There is an expression within the legal system that “Ignorance of the law is no excuse”. It is a simple paradigm when the law constitutes an understanding of what is right, and what is wrong. It becomes, at best, a burden of unimaginable proportions when the rules and regulations enacted by the state encompasses tens-of-thousands of pages of legalese, and when those regulations serve the purpose of government, or some other special interest.
In considering what needed to be said in this article I concluded that benefit only comes from the learning experience, and that we are sometimes blinded by our want to validate what perceived good we might have accomplished.
Some of us would be willing to admit our mistakes if for the public good, while others cannot make that leap to the conclusion that missteps of the past are just that; blunders from which we can derive a greater knowledge. For my own part, I am often reticent to admit mistakes openly, but I am constantly working to rectify whatever has gone before while noting that what was done cannot be undone no matter how many tears are shed.
We instituted a government from the ground up where all power is derived from the People. We the People are the Sovereigns. We do not elect, nor appoint sovereigns who are immune to the law, nor are they given the power to interpret what law we have given to them. The law, beginning and ending with a constitution, unalienable rights, and as Blackstone noted, a method where all injuries must have a remedy and relief. In the United States that relief can only come from a jury of peers in a common law court.
When you go to traffic court, is it a court of common law, or is it one where the state has a vested interest in taking your money? It can’t be common law because the state has absolutely no authority in common law other than what it is given by the jury for a particular suit; award the plaintiff, or exonerate the defendant.
Is it an Article III court? While it is a controversy, it is not a controversy of law, but rather a regulation of a right that cannot be infringed. Therefore, the case would not be whether the individual had broken some law, but did the state have the granted power to license and then restrict the freedom of movement.
I could go on to ask where the notion came from that we can have public prosecutors who work for the state to enforce whatever dictum the legislature proposes and passes as law, and then places into that neat index of code so we can easily find out what the government deems we have violated today.
As Timothy Baldwin, JD expressed in his column Be it known to you, O king, “Please understand: the most fundamental and basic natural rights expressed by our forefathers is the right to be governed only by our consent, by a government we have created for our interests; by agents who act in trust of our freedoms, rights and liberties, who are accountable directly to their principals (the people who authorized their power); and by those who have non-conflicting interests to those they represent.”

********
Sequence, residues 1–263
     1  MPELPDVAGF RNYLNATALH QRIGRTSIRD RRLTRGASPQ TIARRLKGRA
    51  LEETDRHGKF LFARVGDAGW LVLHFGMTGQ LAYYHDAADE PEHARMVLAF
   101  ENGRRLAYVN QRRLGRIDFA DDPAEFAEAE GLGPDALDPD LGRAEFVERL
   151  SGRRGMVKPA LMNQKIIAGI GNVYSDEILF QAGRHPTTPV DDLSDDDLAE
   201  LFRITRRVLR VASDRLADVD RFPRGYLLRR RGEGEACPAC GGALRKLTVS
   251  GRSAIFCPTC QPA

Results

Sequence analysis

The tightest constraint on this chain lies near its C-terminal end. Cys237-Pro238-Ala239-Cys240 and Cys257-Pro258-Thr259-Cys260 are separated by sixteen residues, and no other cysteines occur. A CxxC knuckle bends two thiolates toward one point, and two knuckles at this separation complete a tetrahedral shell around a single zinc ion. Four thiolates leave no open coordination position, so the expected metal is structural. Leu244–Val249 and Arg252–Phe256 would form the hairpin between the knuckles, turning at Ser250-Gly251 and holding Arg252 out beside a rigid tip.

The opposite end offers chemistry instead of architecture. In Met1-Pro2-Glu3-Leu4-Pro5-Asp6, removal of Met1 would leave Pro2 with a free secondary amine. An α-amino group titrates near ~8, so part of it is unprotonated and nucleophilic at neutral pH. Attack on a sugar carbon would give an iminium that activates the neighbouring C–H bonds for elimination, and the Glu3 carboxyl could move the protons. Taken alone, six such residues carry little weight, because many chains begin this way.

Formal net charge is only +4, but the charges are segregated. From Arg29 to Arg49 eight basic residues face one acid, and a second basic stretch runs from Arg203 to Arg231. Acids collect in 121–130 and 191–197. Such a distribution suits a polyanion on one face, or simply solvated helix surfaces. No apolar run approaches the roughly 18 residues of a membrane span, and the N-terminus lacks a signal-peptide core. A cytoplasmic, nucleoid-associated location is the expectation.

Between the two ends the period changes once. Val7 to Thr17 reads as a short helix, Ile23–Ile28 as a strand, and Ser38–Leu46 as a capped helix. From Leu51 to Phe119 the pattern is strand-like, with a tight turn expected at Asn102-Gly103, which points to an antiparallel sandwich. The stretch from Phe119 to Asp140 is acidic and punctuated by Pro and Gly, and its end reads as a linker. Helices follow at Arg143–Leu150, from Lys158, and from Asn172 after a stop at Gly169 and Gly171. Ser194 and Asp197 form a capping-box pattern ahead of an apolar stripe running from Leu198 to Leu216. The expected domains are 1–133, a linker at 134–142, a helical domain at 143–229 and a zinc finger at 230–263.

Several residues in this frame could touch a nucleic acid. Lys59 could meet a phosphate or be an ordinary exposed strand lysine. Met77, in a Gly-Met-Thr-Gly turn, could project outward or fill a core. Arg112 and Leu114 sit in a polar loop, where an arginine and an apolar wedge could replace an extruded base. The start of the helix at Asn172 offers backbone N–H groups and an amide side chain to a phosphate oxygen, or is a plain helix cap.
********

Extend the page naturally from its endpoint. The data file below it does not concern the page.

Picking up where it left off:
He goes on to quote from the Second Treatise of Government, “[U]sing force upon the people without authority, and contrary to the trust put in him that does so, is a state of war with the people…[and] the people have a right to remove [such a force] by force. The use of force without authority, always puts him that uses it into a state of war, as the aggressor, and renders him liable to be treated accordingly.”
No one is advocating the use of violence, except the state, but we must be reminded from time to time that this country was formed in revolution. Men, and women, shed their blood in order that posterity would share in the freedom our Founders sought, and won by shot and blade.
Should we give it all away by facilitating this, and compromising on that? Are we really of the mind that some pretend benefit comes by giving away, or licensing a natural right such as that of marriage, the right to bear arms, or the right to travel upon the highways at the discretion of some police authority enforcing an unconstitutional act?
Everyone has his or her opinions, and obviously mine are very strong otherwise I would not be writing here. When I refer to law, I attempt to stay within the parameters of what I know to be true; this is a Constitutional Federal Republic that operates by strict enumeration, giving way to common law, which was intended to severely limit the state’s ability to prosecute for matters not delegated such as robbery, assault, or driving down the public roads past a speed limit. The state operates as a clearing-house for the investigations of the Grand Jury, and an enforcer of the petit jury’s decision.
The court may not issue edicts, create law, or give way to acts unless it can reconcile it as a granted power. It cannot sit idly by while the state takes it upon itself to prosecute the citizens it is sworn to protect, while protecting the often thuggish acts of government agents claiming immunity.